Assuming there weren’t a stack of observations previously that were ID’ed as this species (especially given it doesn’t even have a placeholder image on the taxon page) → it got into the CV → they were all corrected (similar to Sarcophaga carnaria), how is this getting suggested?
Seek IDs this as Alpinia zerumbet, so I’m not sure if this is what happened in the above case, but looks like:
-Create an observation with Seek, which Seek has auto-IDed to species
-Share that observation to iNaturalist, but before saving it, manually change the species name to something else
-On iNaturalist your ID will still include the little computer vision tag even though you manually changed the species name
It would be interesting to hear from the user what their process was if they respond to queries.
I’ve come across a few like this I think. If the process is as @bouteloua mentions it might be - I’d still be curious to know what would cause them to manually select something so niche.
It does seem odd the computer would suggest a taxon with so few observations. Doesn’t seem it could have been trained on this. But mysterious are the ways of computers.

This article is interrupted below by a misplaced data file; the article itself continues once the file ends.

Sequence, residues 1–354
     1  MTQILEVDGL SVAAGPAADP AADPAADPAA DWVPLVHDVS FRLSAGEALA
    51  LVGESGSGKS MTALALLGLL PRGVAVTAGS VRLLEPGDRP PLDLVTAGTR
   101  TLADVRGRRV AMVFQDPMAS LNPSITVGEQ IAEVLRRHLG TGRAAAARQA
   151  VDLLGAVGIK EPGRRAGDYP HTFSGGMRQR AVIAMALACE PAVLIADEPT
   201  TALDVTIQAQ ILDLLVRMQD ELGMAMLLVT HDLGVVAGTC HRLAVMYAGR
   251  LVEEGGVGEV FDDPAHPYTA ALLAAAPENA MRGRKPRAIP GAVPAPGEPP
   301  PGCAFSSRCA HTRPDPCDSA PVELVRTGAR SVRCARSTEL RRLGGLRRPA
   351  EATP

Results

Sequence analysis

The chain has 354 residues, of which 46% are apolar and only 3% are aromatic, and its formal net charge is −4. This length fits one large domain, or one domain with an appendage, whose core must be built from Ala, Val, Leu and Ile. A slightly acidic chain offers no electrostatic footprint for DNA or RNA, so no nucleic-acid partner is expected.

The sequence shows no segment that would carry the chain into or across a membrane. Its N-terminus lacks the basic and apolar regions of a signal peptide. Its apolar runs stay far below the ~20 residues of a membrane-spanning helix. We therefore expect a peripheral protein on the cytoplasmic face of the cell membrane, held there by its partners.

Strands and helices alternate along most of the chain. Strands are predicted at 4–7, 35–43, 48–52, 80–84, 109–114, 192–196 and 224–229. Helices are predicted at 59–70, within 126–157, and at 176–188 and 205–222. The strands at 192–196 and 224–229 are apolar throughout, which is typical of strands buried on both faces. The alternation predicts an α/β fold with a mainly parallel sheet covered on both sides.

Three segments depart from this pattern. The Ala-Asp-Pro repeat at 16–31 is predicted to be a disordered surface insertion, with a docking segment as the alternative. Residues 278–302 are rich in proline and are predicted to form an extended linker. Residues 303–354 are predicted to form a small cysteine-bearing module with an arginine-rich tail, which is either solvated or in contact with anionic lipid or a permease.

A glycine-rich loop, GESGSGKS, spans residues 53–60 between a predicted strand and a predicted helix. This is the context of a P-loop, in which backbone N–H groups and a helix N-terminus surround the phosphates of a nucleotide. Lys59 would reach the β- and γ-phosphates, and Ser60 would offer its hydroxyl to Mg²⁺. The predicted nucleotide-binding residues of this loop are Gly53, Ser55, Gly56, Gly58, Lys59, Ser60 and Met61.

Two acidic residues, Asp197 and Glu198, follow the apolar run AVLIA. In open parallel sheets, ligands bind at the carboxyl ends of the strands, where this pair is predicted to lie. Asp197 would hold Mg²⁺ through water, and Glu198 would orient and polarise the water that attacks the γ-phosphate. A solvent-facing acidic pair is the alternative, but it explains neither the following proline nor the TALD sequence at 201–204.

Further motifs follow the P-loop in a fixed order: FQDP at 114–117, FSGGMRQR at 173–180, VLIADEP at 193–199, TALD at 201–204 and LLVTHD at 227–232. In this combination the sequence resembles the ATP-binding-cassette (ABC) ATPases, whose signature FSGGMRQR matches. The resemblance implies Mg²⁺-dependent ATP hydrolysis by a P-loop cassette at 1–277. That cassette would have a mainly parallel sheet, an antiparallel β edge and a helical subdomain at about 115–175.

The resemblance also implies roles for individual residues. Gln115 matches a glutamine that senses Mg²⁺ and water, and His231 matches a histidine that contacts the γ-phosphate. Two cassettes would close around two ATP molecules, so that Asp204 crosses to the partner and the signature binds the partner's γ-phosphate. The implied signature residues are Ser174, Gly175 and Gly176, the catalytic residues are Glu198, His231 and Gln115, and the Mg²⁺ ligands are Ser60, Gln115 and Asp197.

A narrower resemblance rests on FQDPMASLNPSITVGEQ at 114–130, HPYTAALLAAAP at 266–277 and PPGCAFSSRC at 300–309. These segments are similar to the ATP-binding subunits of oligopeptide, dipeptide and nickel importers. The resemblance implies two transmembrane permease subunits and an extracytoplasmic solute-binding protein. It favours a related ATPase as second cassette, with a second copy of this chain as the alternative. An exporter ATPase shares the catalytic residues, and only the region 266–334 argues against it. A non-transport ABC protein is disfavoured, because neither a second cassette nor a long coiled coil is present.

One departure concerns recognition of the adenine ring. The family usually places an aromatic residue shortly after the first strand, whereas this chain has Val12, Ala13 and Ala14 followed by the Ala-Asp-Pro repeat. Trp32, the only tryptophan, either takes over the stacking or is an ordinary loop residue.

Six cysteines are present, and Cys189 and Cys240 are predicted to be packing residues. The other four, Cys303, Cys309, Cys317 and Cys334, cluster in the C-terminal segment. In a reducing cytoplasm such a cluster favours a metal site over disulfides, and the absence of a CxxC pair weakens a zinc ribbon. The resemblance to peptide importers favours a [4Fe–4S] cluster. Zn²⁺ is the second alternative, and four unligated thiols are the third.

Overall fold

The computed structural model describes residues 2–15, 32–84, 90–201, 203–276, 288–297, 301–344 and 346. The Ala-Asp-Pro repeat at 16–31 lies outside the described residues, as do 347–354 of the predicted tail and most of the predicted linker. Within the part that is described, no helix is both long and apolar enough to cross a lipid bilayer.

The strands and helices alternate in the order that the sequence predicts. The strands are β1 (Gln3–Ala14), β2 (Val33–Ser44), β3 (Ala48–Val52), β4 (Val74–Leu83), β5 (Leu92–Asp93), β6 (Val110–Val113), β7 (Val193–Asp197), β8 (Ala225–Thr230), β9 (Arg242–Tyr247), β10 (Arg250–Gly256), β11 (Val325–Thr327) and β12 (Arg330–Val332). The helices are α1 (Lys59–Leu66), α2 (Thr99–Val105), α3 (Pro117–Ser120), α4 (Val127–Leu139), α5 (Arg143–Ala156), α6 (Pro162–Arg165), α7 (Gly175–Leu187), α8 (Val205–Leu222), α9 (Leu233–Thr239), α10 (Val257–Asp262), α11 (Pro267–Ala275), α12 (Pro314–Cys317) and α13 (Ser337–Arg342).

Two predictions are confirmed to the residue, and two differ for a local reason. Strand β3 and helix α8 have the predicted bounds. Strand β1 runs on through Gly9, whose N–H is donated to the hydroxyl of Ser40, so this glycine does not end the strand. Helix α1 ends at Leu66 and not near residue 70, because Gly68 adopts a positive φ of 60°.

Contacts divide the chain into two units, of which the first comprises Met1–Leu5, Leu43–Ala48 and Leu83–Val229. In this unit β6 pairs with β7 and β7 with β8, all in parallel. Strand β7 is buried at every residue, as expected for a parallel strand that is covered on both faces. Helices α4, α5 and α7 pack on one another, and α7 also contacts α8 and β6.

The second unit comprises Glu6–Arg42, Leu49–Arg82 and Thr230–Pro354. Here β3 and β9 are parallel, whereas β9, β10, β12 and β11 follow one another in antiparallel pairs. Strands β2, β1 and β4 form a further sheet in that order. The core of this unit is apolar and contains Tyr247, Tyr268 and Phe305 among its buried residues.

This post by @kueda describes a feature of the computer vision suggestions, that of “nearby injections”, whereby species with the same common ancestor as the top model results, if they have been seen nearby, can also get suggested. They don’t need to have enough total observations to have been included in the model. It’s a way of having relevant species suggested, even if there are as yet few observations. I suspect that is what happened in this case.
I expect Seek does not work this way. This talk does in my opinion not apply to Seek. And I expect that the species is not included in the Computer Vision model, but it is included in the final results.
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